Australopith ancestry clarified
From UC Berkeley:
New fossils discovered in the Afar desert of eastern Ethiopia are a missing link between our ape-man ancestors some 3.5 million years ago and more primitive hominids a million years older, according to an international team led by the University of California, Berkeley, and Los Alamos National Laboratory in New Mexico.
The fossils are from the most primitive species of Australopithecus, known as A. anamensis, and date from about 4.1 million years ago, said Tim White, a UC Berkeley professor of integrative biology and one of the team’s leaders. The hominid Australopithecus has often been called an ape-man because, though short-statured, small-brained and big-toothed, it walked on two legs unlike the great apes.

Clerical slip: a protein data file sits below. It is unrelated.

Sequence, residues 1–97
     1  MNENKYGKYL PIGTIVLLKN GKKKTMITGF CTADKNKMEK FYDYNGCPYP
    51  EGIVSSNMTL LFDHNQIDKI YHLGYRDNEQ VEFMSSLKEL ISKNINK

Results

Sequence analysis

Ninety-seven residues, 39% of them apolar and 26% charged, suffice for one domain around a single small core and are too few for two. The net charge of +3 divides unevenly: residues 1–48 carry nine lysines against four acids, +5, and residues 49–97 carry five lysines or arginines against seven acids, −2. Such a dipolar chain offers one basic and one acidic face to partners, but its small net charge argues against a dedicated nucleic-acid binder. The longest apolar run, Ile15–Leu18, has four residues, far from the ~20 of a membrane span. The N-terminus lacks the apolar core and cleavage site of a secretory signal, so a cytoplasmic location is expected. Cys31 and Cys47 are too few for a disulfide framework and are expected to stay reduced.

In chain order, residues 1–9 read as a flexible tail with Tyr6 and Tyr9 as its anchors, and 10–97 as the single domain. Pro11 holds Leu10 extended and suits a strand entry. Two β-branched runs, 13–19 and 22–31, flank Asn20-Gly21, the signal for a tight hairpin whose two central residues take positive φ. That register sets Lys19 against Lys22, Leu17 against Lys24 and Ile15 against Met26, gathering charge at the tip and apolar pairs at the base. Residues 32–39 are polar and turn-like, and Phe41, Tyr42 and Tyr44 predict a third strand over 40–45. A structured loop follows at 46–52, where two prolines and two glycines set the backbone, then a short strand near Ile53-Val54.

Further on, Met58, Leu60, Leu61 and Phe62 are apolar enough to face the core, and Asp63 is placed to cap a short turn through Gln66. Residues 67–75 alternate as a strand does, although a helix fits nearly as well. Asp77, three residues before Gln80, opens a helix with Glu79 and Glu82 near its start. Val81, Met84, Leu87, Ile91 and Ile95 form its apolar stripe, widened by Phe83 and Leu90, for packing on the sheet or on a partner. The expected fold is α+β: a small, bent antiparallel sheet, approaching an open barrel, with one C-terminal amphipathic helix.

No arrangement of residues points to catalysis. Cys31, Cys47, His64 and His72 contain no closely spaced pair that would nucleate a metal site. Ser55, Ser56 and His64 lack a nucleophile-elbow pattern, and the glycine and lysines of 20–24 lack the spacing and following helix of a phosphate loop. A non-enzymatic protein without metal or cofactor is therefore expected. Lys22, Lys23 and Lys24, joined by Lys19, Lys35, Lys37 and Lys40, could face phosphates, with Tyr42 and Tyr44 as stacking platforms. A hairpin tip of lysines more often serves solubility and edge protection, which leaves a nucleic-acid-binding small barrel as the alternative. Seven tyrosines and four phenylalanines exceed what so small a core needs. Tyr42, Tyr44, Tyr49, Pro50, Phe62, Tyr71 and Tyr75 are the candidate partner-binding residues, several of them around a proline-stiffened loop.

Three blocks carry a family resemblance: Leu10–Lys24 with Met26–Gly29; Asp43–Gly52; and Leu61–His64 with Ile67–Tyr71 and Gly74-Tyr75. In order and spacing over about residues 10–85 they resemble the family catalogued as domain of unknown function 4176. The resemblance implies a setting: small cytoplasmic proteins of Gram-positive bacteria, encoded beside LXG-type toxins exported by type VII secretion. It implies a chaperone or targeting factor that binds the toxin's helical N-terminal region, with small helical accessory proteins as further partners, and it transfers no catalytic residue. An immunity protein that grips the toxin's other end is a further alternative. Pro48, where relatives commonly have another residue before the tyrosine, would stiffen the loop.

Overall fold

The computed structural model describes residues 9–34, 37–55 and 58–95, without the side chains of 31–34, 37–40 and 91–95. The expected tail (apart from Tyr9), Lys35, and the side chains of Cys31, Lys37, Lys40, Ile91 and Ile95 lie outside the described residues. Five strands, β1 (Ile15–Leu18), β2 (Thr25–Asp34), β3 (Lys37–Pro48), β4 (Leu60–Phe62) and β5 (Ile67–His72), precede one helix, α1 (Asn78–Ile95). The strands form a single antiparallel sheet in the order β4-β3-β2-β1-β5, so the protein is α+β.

More primitive hominids in the genus Ardipithecus date from between 4.4 million and 7 million years ago and were much more ape-like, though they, too, walked on two legs.
“This new discovery closes the gap between the fully blown Australopithecines and earlier forms we call Ardipithecus,” White said. “We now know where Australopithecus came from before 4 million years ago.”
The fossil finds and an analysis of the hominid’s habitat and evolutionary position are reported by White and co-authors from Ethiopia, Japan, France and the United States in the April 13 issue of Nature.